Most people have suffered a "case of the Mondays." It's a well-understood term that encapsulates the feeling of being dragged back into work on Monday morning.
Instead of accepting this feeling as just another part of being gainfully employed, many are focusing on career development to turn their everyday jobs into a career they enjoy coming in to. From meditation to redefining success, professionals across the spectrum weigh in on how to break the trend of "the Mondays."
A Matter of Perspective
Before embarking on a path to combat the grinding struggle to make it through the week, it's important to consider the impact of perspective. Eventually, some significant career change may have to take place but first, it's important to identify where exactly the "Monday blues" come from.
According to a study published by the Journal for Positive Psychology, having a "case of the Mondays" could better be described as having a "case of the weekdays" (except Friday). The study found that negative feelings about returning to work were no worse on Monday than any other weekday, excluding Friday, when subjects tended to be happier and less stressed.
That being said, much of the "Monday blues" has to do with perception and apprehension. Many may perceive they are less happy on Mondays particularly because the relaxing mood of the weekend is now over. Feeling better about returning to work on Monday may thus be as simple as changing perceptions of what Monday means in regard to the rest of the week. Instead of looking at it as the end to the relaxing weekend, Mondays could be seen as a chance for a fresh start for the upcoming week.
More than A Feeling
Sometimes the apprehension felt on Sundays and Mondays is more than "just a feeling." Many times those feelings of apprehension can actually be anxiety or even depression related to workplace issues. These issues can range from feeling stagnant in a particular career path to disagreements in the workplace.
When this is the case, activities to de-stress the weekday and slowly dissociate Mondays with negative feelings, like yoga or meditation are especially helpful. However, feelings of workplace-related anxiety and depression should never be taken lightly. In addition to seeking a doctor (if needed), these feelings should be a sign that career changes are needed and an opportunity to seek career advice.
Reclaim "Success": Millennial Career Coach, Chris Castillo Weighs in
Making career moves and other job-related changes are especially terrifying but luckily career professionals, like Chris Castillo are there to help every step of the way. Whether it's braving the "Sunday Scaries," a bad "case of the Mondays" or general feelings of career stagnation, millennial career coach, Chris Castillo handles it all. She's the founder of a career coaching and development company called Empowered Achievers that focuses specifically on helping professional, driven women create careers that they actually love.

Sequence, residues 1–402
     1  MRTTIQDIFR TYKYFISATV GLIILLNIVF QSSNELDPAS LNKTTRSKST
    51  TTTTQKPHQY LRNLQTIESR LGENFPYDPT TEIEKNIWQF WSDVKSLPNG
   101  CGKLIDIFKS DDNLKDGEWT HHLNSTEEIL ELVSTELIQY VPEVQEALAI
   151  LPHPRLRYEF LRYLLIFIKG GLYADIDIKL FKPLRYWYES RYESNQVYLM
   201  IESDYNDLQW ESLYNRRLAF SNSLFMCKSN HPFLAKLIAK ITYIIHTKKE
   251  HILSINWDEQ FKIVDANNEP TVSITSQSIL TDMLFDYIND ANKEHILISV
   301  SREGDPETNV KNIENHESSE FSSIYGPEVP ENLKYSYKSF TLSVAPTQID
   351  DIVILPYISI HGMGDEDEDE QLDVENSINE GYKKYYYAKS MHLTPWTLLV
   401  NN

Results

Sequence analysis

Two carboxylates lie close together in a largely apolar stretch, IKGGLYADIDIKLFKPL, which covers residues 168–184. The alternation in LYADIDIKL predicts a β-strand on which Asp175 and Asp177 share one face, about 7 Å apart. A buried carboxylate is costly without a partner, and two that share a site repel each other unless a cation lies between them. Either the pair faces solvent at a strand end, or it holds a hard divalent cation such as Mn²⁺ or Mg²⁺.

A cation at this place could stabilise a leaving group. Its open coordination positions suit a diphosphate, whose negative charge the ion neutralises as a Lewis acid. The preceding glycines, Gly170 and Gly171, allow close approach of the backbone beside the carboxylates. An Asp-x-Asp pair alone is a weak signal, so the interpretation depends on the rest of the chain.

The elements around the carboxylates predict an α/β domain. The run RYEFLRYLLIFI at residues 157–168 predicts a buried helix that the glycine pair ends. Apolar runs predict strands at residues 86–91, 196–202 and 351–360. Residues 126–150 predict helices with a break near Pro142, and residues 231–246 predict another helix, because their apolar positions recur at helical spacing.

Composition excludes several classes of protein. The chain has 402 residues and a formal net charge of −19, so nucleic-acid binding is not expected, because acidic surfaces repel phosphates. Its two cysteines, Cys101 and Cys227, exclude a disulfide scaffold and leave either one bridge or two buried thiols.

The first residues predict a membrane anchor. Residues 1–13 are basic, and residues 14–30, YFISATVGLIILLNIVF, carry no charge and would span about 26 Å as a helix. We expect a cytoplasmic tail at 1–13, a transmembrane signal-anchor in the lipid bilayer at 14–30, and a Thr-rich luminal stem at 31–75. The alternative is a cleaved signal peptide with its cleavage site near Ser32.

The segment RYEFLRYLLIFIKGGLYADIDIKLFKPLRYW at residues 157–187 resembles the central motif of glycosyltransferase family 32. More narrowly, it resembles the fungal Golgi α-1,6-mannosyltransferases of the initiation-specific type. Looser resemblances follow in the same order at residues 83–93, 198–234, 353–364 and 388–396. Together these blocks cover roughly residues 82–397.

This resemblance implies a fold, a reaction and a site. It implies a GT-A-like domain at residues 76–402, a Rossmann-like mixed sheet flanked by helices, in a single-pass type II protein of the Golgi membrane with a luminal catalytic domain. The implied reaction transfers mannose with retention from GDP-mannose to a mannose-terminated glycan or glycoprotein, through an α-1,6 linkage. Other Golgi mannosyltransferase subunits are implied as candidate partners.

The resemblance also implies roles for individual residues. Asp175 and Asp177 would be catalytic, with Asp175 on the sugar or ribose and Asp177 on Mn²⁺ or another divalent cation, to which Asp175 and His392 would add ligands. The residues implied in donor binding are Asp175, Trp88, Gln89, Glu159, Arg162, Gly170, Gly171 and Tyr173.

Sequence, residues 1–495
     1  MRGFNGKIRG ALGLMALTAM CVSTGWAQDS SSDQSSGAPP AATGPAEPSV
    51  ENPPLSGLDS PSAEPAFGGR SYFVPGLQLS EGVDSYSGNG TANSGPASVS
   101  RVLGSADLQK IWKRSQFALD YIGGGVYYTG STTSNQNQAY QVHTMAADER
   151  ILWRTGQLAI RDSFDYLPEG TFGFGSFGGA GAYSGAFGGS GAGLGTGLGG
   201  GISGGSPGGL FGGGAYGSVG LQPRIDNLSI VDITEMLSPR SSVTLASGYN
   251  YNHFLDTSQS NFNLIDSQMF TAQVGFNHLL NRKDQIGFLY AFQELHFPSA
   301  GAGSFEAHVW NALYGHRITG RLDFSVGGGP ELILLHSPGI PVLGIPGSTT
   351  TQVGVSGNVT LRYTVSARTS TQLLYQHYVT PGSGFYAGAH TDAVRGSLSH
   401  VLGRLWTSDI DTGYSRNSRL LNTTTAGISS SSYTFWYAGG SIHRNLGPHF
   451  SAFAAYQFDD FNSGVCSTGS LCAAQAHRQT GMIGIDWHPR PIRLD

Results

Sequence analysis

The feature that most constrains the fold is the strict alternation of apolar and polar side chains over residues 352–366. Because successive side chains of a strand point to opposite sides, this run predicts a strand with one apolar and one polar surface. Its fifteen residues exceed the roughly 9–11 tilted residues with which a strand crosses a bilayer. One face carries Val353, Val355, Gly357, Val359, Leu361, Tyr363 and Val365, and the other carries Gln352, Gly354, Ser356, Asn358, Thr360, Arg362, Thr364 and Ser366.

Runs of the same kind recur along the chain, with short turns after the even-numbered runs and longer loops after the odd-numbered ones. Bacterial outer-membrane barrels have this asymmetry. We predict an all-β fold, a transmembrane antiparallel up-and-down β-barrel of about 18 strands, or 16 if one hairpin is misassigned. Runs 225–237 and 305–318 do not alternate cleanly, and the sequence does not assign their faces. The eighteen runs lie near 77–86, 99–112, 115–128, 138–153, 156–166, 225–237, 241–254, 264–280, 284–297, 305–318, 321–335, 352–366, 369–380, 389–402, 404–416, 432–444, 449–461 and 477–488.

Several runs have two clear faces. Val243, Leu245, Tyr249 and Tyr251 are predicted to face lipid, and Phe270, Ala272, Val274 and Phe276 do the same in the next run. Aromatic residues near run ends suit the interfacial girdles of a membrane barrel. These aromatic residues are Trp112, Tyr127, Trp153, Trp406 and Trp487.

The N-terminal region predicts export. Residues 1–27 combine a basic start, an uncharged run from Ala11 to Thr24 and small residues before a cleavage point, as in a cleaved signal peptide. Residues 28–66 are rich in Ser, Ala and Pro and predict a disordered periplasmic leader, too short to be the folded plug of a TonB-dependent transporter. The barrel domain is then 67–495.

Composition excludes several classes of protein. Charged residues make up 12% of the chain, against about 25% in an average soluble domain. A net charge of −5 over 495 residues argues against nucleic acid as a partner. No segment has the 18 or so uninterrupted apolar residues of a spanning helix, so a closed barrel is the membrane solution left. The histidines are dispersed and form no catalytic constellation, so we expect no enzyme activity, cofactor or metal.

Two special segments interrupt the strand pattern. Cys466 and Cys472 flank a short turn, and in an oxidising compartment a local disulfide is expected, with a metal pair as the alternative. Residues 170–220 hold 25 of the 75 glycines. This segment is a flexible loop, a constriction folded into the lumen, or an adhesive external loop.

Castillo's background was originally in corporate advertising, working with well-known clients like Google, YouTube, & Expedia. Soon she found that she was more interested in talent development and culture so she worked to transform her career into something she loved and was passionate about. With that kind of background, Castillo has a unique advantage since she can sympathize with the struggle of crafting a career that feels more like a passion than a chore.
Today she helps companies and individuals find their niche and passion through corporate training and her own custom coaching program. In fact, her articles can be found in publications like Thrive Global or featured on sites like Business News Daily and Hello Giggles.
The Problem With "Success"
Although her focus is on driven career women, her advice is highly relatable and transcends age and gender. Concepts like preventing burn out, finding a job you love and avoiding the pitfall of perfectionism are relevant to a wide audience.
One of her very popular concepts is the idea of redefining success. After all, there's a common belief that one can either be successful in their career or happy with their career but generally not both. Many times the stress of coming into work on Monday is centered around the unhappiness and stagnation that people feel since their idea of success is totally disconnected from doing something that makes them happy.
Mondays: Not so Bad After All?
Statistically, Mondays may not be much worse than other weekdays but experiencing "Sunday Scaries" or a "case of the Mondays" points to a larger problem, usually career stagnation. To combat stagnation and other feelings of job-related stress understanding the source of anxiety and unhappiness at work is the first step. The second is finding support to craft a career that's enjoyable to come in to every day and what better place to start than with a successful career coach?